NewYork-Presbyterian/Columbia researchers find TCEP an encouraging step in neuroprotection during TAVR

Nov 1, 2016
New York - 

An international study has found that transcatheter cerebral embolic protection (TCEP) is safe, provides effective capture of embolic debris and does not change neurocognitive function for transcatheter aortic valve replacement (TAVR) patients.

Findings from the SENTINEL Trial have been published in the Journal of the American College of Cardiology (JACC), and researchers from NewYork-Presbyterian/Columbia University Medical Center will present the findings as part of the late-breaking clinical trials session at the Transcatheter Cardiovascular Therapeutics (TCT) conference this weekend in Washington, D.C.

TAVR is a minimally invasive procedure to replace or repair a damaged heart valve for patients too sick to undergo open heart surgery. In TAVR, doctors insert a replacement valve via a catheter that is threaded through a small incision. Guided by imaging technology, physicians place the new valve without having to take out the old, damaged valve. While less invasive than open heart surgery, the procedure carries a risk of neurological complications, such as stroke, due to embolization of debris during valve replacement. Roughly three to six percent of TAVR patients experience a stroke caused by embolic debris that becomes dislodged when the valve is replaced. TCEP is designed to catch this debris and prevent it from reaching the brain.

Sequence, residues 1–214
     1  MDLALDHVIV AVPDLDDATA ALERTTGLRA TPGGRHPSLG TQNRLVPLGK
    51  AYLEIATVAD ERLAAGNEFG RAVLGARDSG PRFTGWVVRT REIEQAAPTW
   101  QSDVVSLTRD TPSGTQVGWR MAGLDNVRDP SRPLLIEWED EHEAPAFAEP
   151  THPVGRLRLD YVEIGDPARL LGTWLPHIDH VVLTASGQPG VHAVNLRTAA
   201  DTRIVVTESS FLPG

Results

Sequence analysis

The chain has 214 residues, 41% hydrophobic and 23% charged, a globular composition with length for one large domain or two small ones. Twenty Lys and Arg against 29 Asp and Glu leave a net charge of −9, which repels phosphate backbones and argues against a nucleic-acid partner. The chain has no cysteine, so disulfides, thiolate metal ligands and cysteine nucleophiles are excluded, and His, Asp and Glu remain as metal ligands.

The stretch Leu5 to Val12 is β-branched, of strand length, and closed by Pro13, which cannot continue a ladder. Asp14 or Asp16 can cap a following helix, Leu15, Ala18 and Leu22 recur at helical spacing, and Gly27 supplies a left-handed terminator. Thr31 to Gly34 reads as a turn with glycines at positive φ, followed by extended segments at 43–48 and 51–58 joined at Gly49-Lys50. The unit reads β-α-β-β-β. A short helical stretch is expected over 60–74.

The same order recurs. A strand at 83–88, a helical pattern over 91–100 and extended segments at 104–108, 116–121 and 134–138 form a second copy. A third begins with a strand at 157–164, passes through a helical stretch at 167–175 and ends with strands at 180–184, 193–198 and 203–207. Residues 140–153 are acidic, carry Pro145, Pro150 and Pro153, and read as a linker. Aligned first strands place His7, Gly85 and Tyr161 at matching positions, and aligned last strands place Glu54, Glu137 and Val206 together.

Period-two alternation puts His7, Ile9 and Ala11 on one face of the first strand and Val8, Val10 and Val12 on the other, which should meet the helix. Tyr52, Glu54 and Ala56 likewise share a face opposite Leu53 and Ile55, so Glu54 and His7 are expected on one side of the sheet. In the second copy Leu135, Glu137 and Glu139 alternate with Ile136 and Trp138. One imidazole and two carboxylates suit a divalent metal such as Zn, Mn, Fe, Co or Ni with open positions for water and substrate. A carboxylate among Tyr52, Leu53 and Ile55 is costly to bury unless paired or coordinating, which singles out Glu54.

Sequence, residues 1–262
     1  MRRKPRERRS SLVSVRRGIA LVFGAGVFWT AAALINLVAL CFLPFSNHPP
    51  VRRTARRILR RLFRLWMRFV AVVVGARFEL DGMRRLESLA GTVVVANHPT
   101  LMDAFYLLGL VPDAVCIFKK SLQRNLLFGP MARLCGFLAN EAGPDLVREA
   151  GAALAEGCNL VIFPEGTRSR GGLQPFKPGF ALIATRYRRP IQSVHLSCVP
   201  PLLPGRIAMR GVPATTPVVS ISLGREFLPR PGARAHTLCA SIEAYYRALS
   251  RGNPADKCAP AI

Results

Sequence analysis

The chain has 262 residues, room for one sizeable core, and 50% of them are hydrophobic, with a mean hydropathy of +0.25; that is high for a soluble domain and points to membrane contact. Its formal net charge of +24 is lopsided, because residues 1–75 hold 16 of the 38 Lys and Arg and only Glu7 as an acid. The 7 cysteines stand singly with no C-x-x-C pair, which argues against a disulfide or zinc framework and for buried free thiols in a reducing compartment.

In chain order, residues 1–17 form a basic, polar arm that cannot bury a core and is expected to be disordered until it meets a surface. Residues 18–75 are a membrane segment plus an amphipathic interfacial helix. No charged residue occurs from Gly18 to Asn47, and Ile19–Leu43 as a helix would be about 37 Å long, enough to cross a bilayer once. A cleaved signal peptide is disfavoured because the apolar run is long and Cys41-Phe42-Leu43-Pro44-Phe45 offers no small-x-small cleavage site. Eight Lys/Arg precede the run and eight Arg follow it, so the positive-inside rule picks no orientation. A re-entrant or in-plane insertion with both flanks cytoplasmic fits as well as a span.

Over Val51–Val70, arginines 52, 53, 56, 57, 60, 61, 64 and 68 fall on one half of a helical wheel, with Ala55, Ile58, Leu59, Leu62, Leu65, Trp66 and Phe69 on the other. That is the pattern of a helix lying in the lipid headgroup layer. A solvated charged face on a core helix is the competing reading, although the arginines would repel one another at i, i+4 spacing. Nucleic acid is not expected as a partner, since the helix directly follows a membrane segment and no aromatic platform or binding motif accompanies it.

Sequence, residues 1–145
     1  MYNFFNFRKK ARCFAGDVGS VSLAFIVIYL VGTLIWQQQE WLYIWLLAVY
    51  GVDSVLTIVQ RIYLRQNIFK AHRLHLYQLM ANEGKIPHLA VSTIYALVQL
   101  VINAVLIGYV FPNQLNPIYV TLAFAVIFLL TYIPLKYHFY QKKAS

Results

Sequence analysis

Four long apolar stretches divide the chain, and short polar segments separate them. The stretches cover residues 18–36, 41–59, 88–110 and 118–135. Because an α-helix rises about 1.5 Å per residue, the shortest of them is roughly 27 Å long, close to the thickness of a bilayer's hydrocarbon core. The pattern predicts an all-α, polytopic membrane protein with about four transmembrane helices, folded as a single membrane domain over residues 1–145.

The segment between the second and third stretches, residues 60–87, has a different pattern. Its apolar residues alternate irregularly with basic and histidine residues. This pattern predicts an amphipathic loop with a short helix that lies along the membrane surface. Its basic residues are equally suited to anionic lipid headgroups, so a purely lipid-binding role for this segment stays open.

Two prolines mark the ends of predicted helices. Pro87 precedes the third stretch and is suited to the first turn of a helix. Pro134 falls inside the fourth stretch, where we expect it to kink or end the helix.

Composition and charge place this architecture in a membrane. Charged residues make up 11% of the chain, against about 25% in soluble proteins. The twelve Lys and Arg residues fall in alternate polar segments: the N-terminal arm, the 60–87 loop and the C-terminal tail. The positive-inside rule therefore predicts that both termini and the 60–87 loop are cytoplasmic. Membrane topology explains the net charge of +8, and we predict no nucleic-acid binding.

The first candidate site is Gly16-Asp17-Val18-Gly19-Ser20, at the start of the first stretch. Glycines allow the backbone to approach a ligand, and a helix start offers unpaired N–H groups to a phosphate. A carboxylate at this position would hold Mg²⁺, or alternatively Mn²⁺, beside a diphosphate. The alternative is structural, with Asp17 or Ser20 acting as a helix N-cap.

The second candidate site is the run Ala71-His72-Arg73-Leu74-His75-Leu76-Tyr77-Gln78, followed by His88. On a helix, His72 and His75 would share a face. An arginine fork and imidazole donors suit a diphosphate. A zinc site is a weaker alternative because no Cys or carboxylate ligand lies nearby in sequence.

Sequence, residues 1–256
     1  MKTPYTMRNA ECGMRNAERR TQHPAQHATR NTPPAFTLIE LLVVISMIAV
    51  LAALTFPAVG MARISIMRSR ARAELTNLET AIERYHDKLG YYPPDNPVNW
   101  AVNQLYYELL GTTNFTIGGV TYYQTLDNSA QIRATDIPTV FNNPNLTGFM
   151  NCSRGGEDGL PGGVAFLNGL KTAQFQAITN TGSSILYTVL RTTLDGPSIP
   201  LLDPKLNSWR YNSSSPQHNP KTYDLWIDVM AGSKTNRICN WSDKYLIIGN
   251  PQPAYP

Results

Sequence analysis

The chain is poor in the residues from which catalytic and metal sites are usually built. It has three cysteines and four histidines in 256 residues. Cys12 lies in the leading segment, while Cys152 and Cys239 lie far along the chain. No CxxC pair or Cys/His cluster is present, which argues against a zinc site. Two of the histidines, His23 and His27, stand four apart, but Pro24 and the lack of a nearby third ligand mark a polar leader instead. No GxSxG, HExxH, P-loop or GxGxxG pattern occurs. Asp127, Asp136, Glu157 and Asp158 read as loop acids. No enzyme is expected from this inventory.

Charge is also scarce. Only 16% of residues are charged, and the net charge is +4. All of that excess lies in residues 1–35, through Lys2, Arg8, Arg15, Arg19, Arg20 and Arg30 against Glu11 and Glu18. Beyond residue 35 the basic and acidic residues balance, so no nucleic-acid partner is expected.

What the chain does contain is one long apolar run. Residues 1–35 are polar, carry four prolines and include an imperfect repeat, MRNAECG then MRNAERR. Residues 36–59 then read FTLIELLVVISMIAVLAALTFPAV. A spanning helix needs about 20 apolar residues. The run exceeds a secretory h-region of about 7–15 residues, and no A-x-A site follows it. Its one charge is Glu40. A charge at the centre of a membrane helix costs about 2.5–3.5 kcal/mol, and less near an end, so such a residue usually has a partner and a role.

“This is currently the largest randomized trial to examine the safety and efficacy of using neuroprotection during TAVR,” said Dr. Susheel Kodali, Director of the Structural Heart and Valve Center at NewYork-Presbyterian/Columbia University Medical Center and lead author of this study. “As more patients across the country are undergoing TAVR to replace or repair damaged heart valves, we need to have an understanding of how to better protect them from experiencing complications. We’re encouraged by what we’re seeing so far.”

This multicenter trial included 363 patients at 19 hospitals—17 in the U.S. and two in Germany. Using the Sentinel® TCEP device, the patients undergoing TAVR were randomized into a safety arm (TCEP only) and two imaging cohorts, in which patients were randomly treated with TCEP (device arm) or without TCEP (control arm). The primary safety endpoint was major adverse cardiac and cerebrovascular events at 30 days, and the primary efficacy endpoint was reduction in new lesion volume in protected brain territories on MRI scans at 2-7 days. All patients underwent thorough neurological assessments 30 days and 90 days after the procedure.

The device and control arms were designed to analyze the following areas of neurocognitive function: bi-hemispheral and hemisphere-specific attention, executive function, processing speed, working memory, visual memory, mental status and depression.

Results showed that TCEP was safe and captured embolic debris in 99 percent of patients, however the primary endpoint – the reduction in median new lesion volume on MR scans – was not met. There were several limitations associated with the trial that likely contributed to this, including: the embolic protection afforded by the Sentinel® device excluded the territory of the left vertebral artery; different TAVR devices were included and the randomization scheme was not stratified according to valve category; and the sample size was too low to assess clinical outcomes.